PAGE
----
Using Pourbaix diagrams to calculate corrosion in water

In summary, the conversation discusses using a Pourbaix diagram to determine the stability of copper at pH 8 and the potential range at which it will corrode. It also mentions using an SHE connected via a salt bridge to measure the potential in an experimental situation. The potential values on the diagram are affected by the presence of oxygen and pH. The question posed is whether copper will corrode in a water solution without oxygen, and the answer is that it will still corrode at potentials above 0.1V.
  • #1
wnvl2
45
13
Homework Statement
Which of the metals Al, Cu, Fe, Ag, Pb and Au can (thermodynamically) corrode in water that is Slightly acidic (pH = 6) (AI, Cu, Fe, Ag, Pb) Slightly basic (pH = 8) (AI, Cu, Fe, Pb) Very acidic (pH = 1) (AI, Cu, Fe, Ag, Pb) Very basic (pH = 14) (AI, (Cu), Fe, Pb) . .
Relevant Equations
Use Pourbaix diagram
koperpb.png


Let us solve it for Cu at pH =8. I found this Pourbaix diagram. What is the electrochemical potential I should use to check that Cu is there the stabel form. Should I check for all values of E between the blue lines at pH = 8? How can I measure the E value in reality?
 
Last edited by a moderator:
Physics news on Phys.org
  • #2
In the case of pH 8, your task is pretty easy. But in general, the Pourbaix diagram will give you the potentials/pH’s over which different forms of a metal are stable in water (usually).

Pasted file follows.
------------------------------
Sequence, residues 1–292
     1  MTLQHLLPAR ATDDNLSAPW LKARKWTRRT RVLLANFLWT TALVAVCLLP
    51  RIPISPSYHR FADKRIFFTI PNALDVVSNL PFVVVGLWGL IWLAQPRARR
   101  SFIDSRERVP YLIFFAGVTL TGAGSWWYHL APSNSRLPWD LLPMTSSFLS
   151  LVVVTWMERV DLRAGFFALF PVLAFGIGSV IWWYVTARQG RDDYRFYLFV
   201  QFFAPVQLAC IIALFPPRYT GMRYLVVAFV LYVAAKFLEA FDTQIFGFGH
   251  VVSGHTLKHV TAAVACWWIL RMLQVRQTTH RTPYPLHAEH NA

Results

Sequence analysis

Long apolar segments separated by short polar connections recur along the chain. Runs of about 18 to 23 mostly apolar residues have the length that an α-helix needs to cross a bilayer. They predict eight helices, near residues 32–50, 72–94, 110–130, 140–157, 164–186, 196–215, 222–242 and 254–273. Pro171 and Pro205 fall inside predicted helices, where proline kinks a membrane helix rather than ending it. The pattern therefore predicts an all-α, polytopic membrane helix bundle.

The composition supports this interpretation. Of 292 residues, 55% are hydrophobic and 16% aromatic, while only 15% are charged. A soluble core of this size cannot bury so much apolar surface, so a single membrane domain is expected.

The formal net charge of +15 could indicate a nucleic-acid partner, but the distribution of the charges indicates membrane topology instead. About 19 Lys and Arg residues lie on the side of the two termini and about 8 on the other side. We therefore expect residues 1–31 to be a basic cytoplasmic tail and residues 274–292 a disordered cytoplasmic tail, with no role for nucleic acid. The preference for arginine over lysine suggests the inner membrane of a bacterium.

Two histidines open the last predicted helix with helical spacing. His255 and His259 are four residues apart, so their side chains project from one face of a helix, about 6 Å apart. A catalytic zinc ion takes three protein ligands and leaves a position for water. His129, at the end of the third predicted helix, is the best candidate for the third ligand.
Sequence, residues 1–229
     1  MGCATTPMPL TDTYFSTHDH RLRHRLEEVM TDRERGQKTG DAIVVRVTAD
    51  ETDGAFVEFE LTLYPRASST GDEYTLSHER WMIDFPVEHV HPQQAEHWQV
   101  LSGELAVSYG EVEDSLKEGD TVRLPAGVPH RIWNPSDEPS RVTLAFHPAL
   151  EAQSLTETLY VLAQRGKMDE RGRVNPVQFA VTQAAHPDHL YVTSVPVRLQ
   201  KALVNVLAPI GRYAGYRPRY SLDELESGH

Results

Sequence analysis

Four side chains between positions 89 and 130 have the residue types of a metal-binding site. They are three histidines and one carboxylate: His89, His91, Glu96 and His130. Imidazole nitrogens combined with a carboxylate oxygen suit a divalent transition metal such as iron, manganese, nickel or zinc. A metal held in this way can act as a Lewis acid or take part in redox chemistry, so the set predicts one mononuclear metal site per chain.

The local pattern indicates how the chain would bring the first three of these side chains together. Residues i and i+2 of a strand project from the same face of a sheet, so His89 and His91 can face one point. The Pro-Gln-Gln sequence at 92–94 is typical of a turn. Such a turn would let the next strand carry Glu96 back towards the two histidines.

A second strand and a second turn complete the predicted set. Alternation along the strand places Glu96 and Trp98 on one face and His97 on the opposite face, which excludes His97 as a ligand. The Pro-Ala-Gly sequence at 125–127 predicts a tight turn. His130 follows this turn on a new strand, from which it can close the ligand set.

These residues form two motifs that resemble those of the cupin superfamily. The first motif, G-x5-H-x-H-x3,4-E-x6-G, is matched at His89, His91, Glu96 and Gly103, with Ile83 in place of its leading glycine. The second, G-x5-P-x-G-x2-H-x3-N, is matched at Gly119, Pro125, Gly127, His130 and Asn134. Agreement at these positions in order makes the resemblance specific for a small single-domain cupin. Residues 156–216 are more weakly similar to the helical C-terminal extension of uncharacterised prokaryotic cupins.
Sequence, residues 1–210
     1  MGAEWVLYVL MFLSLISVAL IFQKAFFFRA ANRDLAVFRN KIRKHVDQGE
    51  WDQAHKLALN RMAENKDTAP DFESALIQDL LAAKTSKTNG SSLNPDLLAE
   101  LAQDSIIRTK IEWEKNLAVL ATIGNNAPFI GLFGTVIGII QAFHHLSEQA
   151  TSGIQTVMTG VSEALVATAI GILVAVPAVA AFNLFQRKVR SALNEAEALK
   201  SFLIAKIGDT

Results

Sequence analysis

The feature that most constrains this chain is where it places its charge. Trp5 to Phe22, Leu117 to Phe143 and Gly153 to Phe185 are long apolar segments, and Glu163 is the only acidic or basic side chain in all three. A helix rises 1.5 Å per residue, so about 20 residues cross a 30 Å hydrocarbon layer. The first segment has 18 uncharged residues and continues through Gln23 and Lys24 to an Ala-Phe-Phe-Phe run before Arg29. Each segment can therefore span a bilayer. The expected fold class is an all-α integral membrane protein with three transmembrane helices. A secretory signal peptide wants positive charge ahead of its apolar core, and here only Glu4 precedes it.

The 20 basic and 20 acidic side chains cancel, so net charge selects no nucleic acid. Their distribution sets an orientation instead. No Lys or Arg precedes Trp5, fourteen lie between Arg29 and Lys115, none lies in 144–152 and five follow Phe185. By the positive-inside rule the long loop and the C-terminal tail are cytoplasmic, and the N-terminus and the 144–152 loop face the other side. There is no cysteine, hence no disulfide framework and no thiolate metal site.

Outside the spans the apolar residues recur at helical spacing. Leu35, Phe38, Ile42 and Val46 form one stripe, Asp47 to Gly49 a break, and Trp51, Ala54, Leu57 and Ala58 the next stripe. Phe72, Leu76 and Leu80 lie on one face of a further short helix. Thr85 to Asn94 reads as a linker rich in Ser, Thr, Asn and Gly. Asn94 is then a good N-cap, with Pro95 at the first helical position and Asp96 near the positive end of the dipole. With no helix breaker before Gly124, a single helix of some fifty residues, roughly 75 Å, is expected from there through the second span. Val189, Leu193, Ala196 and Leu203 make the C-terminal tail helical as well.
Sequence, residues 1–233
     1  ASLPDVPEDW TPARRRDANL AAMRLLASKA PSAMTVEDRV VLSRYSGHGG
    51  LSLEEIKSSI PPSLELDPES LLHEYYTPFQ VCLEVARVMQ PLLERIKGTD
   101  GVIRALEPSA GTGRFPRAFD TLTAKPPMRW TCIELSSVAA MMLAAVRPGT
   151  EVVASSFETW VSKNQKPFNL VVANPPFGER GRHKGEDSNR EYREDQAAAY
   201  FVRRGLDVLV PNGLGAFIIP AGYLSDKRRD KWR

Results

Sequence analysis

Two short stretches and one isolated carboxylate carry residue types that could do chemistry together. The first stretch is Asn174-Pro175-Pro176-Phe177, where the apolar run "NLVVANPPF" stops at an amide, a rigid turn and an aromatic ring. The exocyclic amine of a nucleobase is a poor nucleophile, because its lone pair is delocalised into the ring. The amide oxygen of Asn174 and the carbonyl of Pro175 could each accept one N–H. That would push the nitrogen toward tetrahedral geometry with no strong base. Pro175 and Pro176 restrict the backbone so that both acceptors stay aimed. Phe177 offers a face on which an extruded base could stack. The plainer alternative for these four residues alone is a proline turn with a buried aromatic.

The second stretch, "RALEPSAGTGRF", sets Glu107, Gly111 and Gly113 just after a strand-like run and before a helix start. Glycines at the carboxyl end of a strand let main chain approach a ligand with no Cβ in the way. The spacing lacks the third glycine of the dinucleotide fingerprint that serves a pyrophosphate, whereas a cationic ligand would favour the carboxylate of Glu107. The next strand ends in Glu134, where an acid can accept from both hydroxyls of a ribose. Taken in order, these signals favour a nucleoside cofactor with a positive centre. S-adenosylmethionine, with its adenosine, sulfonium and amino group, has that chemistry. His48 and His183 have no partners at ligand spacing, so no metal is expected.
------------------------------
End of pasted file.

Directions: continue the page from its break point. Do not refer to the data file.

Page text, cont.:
As for what the potential is in an experimental situation, it’s either chosen by you when you apply a voltage or it can be measured straightforwardly by a potentiometer.
 
  • Like
Likes Astronuc and wnvl2
  • #3
If I am right, I can connect the copper to a SHE, measure the voltage and that is the E I have to use in the Pourbaix diagram. As the E is not specified in the original question, I can not give a unique answer.

oefPourbaix.png
 
  • #5
wnvl2 said:
As the E is not specified in the original question, I can not give a unique answer.
You should try to answer the question nonetheless.

I'll try to frame the question somewhat more clearly. For your example, copper at pH=8, over what range of potential will it corrode?
 
  • Like
Likes Astronuc
  • #6
What it is that is present everywhere and makes metals corrode?
 
  • #7
Oxygen?
 
  • #8
Combined with pH it should give you some idea about the potentials involved.

Not that they are ignored on the diagram.
 
  • #9
Does that mean that if the copper is in a water solution in abscence of oxygen that the copper will not corrode?
 
  • #10
wnvl2 said:
Does that mean that if the copper is in a water solution in abscence of oxygen that the copper will not corrode?
I’m not sure what borek is getting at, but this is definitely not true. Did you try answering my question in post 5?
 
  • #11
Above 0.1V there is oxidation. Below 0.1V cupper is stable.
 
  • Like
Likes TeethWhitener
  • #12
Great! Can you figure out the rest of the question now?
 
  • #13